Subscapularis tendinitis / subscapularis tendinosis / subscapularis tear
The subscapularis is one of the four rotator cuff muscles that work together to control the movements of the shoulder whilst ensuring that the head of the humerus does not move too far out of the socket. The subscapularis is the largest and strongest of the four muscles. Its main function is to rotate the upper arm inwards. A subscapularis tendinopathy means that the tendon of the muscle is affected.
The condition produces symptoms along the front of the shoulder or in the armpit.
Description of the condition
The subscapularis tendinopathy is usually caused by an inflamed subscapularis tendon (tendinitis) or degeneration of the tendon (tendinosis). The tendon is located along the front of the shoulder and attaches to the head of the humerus. When an affected subscapularis is contracted or strechted, this can produce symptoms as a result of tractive forces acting on the muscle or tendon. In some cases, a partial or complete rupture of the subscapularis tendon can occur.
Subscapularis injury can result in impingement syndrome, with the head of the humerus becoming impinged under the roof of the shoulder structure.
Cause and origin
Symptoms can occur as a result of overloading, incorrect use or degeneration of the tendon. A complete muscle or tendon rupture is only seen after an accident or fall and is more common in older patients.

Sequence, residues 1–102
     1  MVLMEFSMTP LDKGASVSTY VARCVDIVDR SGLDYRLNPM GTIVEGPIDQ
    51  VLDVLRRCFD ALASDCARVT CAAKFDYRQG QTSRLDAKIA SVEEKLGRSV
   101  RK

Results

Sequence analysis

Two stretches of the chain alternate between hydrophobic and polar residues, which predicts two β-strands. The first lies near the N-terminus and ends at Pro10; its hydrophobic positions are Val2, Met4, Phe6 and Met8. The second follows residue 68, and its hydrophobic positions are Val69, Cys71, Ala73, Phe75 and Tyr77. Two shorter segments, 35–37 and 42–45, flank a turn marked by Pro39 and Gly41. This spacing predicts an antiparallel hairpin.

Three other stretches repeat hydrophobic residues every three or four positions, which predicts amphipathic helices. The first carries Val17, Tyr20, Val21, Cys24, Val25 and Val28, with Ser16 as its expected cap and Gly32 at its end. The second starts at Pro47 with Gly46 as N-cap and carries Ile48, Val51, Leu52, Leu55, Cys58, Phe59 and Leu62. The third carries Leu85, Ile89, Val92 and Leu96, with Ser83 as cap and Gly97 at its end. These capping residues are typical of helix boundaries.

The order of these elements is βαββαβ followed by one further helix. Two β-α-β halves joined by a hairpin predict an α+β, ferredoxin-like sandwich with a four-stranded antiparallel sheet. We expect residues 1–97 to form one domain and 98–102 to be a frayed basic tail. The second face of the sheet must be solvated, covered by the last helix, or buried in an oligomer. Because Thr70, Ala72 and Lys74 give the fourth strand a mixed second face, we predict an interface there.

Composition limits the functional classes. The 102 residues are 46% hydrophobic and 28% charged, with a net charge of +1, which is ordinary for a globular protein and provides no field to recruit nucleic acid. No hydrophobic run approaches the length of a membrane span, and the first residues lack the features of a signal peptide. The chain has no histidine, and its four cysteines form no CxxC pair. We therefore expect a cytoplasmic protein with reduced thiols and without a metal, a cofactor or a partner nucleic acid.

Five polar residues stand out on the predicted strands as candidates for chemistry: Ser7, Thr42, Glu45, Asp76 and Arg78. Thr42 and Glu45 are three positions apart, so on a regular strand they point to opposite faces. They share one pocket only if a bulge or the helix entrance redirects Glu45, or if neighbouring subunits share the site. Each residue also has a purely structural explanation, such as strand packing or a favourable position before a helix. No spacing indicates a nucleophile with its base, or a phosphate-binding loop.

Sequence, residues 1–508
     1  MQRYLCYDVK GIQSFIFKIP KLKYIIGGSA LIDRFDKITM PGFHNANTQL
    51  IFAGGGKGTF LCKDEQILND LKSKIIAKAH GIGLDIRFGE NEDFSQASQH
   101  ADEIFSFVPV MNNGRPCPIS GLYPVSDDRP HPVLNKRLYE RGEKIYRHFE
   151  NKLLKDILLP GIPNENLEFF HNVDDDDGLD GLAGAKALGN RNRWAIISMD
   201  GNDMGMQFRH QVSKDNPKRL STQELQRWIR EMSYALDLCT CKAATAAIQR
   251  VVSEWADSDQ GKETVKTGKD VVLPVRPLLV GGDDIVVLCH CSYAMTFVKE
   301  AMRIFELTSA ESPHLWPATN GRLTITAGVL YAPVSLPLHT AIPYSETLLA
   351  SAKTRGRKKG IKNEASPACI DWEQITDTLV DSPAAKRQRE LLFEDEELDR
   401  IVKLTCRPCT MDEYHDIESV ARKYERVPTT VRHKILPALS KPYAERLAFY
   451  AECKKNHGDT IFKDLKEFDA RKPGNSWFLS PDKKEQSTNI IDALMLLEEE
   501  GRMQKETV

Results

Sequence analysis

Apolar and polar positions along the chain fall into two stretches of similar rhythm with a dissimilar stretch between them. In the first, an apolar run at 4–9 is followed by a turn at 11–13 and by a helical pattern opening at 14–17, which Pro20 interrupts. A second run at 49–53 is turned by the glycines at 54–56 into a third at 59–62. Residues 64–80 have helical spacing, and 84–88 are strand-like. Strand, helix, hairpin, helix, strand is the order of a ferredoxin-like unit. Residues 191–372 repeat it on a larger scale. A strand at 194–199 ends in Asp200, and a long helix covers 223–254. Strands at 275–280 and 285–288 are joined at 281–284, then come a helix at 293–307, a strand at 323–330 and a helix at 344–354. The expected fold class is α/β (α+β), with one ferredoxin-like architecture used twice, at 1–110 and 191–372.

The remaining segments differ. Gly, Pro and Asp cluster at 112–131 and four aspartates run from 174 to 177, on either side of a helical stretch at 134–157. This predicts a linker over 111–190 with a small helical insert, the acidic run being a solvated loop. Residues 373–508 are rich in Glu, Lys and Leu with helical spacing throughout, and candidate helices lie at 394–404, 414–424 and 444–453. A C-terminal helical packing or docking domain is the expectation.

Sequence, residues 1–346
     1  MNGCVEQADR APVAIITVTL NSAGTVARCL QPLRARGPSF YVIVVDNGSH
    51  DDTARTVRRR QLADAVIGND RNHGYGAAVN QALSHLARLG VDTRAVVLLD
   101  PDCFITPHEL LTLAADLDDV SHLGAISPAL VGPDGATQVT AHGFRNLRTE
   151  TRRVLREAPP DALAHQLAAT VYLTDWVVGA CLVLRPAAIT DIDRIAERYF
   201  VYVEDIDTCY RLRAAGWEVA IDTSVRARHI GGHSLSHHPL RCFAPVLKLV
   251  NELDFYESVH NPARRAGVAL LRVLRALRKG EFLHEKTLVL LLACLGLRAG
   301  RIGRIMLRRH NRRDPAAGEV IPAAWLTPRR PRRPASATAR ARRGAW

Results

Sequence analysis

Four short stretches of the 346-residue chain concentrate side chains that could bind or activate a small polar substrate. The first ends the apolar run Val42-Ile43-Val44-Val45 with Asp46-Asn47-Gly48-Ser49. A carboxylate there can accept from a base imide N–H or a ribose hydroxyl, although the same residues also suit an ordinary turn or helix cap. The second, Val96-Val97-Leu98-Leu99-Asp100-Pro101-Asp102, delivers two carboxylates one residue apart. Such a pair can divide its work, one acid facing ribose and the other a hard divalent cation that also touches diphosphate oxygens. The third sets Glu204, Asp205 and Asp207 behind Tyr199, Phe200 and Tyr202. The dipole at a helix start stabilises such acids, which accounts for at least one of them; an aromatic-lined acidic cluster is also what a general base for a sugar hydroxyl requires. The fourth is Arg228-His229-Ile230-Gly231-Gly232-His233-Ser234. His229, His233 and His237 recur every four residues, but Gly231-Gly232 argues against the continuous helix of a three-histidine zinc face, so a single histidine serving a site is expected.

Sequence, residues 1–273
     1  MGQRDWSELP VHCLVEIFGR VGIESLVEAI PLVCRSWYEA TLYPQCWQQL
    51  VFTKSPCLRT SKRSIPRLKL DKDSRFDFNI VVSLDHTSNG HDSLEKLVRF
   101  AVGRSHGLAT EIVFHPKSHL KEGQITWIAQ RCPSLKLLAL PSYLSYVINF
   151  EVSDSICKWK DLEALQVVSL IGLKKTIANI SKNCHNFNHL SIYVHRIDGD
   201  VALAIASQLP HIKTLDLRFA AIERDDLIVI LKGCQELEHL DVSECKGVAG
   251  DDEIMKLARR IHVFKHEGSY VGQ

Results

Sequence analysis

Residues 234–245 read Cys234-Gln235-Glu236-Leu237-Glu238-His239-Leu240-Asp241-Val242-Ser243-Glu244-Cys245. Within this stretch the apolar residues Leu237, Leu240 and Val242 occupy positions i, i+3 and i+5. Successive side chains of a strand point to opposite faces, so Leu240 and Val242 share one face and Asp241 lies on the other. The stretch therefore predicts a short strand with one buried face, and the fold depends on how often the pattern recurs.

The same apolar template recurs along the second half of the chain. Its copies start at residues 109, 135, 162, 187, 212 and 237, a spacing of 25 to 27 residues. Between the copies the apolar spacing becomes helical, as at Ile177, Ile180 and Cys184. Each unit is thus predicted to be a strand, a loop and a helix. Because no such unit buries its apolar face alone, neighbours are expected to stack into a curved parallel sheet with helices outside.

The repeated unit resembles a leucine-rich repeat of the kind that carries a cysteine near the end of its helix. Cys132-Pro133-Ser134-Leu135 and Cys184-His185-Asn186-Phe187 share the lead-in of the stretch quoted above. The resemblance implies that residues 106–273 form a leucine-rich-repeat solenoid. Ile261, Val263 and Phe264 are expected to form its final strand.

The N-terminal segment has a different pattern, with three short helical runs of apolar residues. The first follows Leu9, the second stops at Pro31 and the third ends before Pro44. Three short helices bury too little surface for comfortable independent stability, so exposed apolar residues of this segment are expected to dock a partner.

Signs & symptoms
The patient will complain about pain along the front of the shoulder (or in the armpit) and will struggle to lift objects in front of the chest. Movements that require inward rotation of the upper arm (inward rotation) will also result in symptoms. For example, the patient will struggle to place his hand on his back and then move the hand away from the back from this position. External rotation (outward rotation) of the upper arm can also produce pain symptoms in the final position, because the muscle and tendon are completely extended in this position.
The diagnosis is made following a number of physiotherapeutic tests. It is hard to distinguish between tendinosis and tendinitis. In some cases an ultrasound examination or MRI scan can be considered to image the subscapularis structures.
Most cases will involve tendinosis. This can be treated with eccentric strength exercises. Anti-inflammatory medication can be used for cases of tendinitis. Surgical stitching can be considered in the case of a rupture. This is often not useful for older patients, as the risk of relapse following a rupture is too high.
Take a look at the carefully prepared exercise programme here with exercises for subscapularis tendinopathy.
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Longo, U.G., Berton, A., Marinozzi, A., Maffulli, N. & Denaro V. (2012). Subscapularis tears. Med Sport Sci. 2012;57:114-21.
Nugteren, K. van & Winkel, D. (2007). Onderzoek en behandeling van de schouder. Houten: Bohn Stafleu van Loghum.